November 14, 2013 | 1
When I stepped into the schoolhouse, I instinctively tucked my camera back inside its case. Health workers had taken over its one room for the day, and a ritualistic exchange of greetings gave way to tense silence. The health workers were upset. They refused to hand out malaria medicines as dozens of children and mothers awaited the drugs just outside the concrete walls. The men in the group spoke in a Bambara dialect to Louka Coulibaly, a Malian medical supervisor hired by Doctors without Borders, or Médecins Sans Frontières. From what I gather, MSF agreed to pay them for one day of work but they felt there were too many children to treat in a single day. In this village of southeast Mali, 750 healthy children under age five sought malaria drugs to prevent the disease. Flies drifted among our feet. Ants scurried out of holes in the cracked concrete floor. Curious eyes stared in from the open windows and doorway, but onlookers were quiet as the men debated calmly. In this kind of heat, shouting is a foolish waste of energy.
After what seemed like an hour, an agreement was reached. One of the men nodded and immediately, women poured in with their children in tow. Silence gave way to a cacophony of conversation, and children stood wide-eyed, preparing to swallow a yellow liquid that would protect them from malaria—the leading cause of death in sub-Saharan Africa.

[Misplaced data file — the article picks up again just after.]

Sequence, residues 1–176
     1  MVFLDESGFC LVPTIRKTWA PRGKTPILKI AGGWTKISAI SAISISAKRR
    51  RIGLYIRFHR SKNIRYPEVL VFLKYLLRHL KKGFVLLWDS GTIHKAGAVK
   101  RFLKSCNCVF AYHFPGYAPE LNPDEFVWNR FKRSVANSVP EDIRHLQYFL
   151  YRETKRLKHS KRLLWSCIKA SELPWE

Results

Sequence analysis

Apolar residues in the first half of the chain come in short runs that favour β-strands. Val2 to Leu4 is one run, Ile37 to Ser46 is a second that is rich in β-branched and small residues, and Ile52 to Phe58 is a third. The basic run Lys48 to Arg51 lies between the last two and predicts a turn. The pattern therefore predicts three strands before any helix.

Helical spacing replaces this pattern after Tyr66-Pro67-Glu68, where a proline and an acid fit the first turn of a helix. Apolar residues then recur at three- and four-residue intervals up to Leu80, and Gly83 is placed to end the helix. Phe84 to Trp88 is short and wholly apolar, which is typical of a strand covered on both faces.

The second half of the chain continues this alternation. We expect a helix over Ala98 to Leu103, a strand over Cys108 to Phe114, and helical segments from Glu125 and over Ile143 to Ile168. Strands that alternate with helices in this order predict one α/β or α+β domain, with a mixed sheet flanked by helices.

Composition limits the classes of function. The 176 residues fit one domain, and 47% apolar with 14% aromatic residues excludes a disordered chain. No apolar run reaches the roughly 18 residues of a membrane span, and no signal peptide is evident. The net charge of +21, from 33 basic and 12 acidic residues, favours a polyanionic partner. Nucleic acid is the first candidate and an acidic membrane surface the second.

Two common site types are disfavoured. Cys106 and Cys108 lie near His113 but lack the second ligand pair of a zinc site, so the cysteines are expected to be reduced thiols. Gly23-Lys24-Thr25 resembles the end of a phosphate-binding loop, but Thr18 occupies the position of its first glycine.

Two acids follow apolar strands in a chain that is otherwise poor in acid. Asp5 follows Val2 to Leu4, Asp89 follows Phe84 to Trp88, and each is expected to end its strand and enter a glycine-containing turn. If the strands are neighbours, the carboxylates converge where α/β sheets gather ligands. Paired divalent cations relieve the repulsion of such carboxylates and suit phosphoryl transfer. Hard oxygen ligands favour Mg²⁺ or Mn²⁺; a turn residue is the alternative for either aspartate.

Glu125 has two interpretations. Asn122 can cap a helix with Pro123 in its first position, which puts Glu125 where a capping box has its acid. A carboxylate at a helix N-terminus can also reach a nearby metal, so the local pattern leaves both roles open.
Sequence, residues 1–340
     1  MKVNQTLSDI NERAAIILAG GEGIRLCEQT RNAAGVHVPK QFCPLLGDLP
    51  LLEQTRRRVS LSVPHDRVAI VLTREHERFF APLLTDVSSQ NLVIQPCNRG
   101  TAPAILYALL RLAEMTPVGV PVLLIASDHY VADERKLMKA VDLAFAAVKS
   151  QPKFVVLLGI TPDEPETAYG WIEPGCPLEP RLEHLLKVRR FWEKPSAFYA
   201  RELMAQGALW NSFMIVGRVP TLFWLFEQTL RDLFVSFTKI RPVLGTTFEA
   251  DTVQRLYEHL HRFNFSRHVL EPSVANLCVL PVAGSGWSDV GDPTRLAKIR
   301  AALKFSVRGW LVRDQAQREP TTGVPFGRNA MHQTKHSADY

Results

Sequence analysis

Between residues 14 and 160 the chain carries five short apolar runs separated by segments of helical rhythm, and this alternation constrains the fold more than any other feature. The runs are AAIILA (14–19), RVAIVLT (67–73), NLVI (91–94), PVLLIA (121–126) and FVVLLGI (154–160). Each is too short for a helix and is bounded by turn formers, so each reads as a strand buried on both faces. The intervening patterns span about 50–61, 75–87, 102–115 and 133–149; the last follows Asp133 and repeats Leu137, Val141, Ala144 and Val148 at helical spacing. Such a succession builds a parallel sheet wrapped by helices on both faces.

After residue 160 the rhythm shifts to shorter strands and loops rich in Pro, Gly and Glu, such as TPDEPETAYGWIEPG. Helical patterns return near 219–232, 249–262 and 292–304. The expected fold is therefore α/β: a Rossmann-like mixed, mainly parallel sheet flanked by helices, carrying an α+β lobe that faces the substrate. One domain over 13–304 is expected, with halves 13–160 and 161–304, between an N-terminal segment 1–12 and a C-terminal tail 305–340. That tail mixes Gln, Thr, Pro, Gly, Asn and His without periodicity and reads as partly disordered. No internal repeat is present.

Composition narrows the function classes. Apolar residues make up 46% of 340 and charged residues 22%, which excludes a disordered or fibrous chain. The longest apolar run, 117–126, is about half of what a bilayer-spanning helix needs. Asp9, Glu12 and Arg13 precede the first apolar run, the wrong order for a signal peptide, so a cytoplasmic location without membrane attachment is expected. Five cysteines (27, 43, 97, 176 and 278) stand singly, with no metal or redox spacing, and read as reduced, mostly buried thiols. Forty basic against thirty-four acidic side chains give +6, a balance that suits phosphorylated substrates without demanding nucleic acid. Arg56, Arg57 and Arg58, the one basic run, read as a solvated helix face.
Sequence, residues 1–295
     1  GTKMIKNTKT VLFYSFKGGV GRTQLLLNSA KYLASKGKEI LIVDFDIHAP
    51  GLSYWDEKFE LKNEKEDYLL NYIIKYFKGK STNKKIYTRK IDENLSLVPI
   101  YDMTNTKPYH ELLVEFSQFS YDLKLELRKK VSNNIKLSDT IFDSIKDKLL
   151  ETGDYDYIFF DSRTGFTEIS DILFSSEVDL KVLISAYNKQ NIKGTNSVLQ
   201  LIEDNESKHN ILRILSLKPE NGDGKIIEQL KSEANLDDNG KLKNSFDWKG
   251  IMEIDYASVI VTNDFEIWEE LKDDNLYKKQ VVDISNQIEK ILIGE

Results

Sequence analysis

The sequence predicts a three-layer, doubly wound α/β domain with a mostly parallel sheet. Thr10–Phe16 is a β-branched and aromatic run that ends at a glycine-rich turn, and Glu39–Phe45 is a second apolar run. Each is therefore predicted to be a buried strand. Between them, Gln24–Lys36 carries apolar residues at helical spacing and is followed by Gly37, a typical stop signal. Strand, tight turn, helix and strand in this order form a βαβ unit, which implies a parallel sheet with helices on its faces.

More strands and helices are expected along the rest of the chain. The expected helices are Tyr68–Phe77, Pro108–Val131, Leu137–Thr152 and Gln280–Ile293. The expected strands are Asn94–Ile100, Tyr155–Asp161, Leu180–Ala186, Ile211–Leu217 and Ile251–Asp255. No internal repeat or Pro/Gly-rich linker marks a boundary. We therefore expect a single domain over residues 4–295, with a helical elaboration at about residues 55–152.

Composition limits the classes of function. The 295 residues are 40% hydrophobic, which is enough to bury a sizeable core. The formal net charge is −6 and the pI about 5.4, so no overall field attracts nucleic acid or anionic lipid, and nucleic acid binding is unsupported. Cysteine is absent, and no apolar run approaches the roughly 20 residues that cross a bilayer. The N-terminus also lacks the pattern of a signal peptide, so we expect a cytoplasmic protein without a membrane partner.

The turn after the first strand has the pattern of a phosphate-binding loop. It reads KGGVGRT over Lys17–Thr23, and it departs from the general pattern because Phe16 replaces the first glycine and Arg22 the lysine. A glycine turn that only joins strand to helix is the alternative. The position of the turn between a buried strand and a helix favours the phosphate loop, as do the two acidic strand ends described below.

A decade of research has led to this day, and days like it during the past few months. Last year, the World Health Organization (WHO) finally recommended [pdf] the preventative approach, called seasonal malaria chemoprevention (SMC), in African regions where malaria is common and strictly seasonal. Until then, health officials said that people living in malaria endemic areas should refrain from swallowing drugs prophylactically like tourists do, because of the risk of side effects and drug resistance.
These authorities changed their tune because of several clinical trials suggesting that the costs of chemoprevention were worth the benefits of chemoprevention. Giving old antimalarial drugs to children throughout the rainy season has the potential to prevent 8.8 million cases of malaria and 80,000 deaths every year, according to one report. Today, Nature published my feature on this public health debate and the future of this potentially historical intervention.